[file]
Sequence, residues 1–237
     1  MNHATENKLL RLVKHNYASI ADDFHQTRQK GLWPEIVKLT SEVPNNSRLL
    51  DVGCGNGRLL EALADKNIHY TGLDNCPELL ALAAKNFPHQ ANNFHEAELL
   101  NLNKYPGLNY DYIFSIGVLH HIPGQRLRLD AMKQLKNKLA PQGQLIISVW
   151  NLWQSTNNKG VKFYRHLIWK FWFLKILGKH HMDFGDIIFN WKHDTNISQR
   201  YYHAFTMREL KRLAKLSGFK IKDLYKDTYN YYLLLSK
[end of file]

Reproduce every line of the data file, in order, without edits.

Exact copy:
Sequence, residues 1–237
     1  MNHATENKLL RLVKHNYASI ADDFHQTRQK GLWPEIVKLT SEVPNNSRLL
    51  DVGCGNGRLL EALADKNIHY TGLDNCPELL ALAAKNFPHQ ANNFHEAELL
   101  NLNKYPGLNY DYIFSIGVLH HIPGQRLRLD AMKQLKNKLA PQGQLIISVW
   151  NLWQSTNNKG VKFYRHLIWK FWFLKILGKH HMDFGDIIFN WKHDTNISQR
   201  YYHAFTMREL KRLAKLSGFK IKDLYKDTYN YYLLLSK